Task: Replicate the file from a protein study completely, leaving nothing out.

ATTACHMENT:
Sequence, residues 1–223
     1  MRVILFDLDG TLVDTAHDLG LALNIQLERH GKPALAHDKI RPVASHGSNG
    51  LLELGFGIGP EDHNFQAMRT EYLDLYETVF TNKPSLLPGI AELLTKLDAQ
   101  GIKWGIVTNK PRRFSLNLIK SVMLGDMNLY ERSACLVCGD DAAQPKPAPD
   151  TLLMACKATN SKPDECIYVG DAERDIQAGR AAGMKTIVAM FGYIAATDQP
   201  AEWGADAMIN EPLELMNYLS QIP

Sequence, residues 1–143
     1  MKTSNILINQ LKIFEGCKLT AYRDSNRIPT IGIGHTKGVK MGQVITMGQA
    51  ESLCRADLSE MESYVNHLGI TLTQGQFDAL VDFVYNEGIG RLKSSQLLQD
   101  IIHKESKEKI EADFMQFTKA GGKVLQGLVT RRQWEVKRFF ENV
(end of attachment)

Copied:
Sequence, residues 1–223
     1  MRVILFDLDG TLVDTAHDLG LALNIQLERH GKPALAHDKI RPVASHGSNG
    51  LLELGFGIGP EDHNFQAMRT EYLDLYETVF TNKPSLLPGI AELLTKLDAQ
   101  GIKWGIVTNK PRRFSLNLIK SVMLGDMNLY ERSACLVCGD DAAQPKPAPD
   151  TLLMACKATN SKPDECIYVG DAERDIQAGR AAGMKTIVAM FGYIAATDQP
   201  AEWGADAMIN EPLELMNYLS QIP

Sequence, residues 1–143
     1  MKTSNILINQ LKIFEGCKLT AYRDSNRIPT IGIGHTKGVK MGQVITMGQA
    51  ESLCRADLSE MESYVNHLGI TLTQGQFDAL VDFVYNEGIG RLKSSQLLQD
   101  IIHKESKEKI EADFMQFTKA GGKVLQGLVT RRQWEVKRFF ENV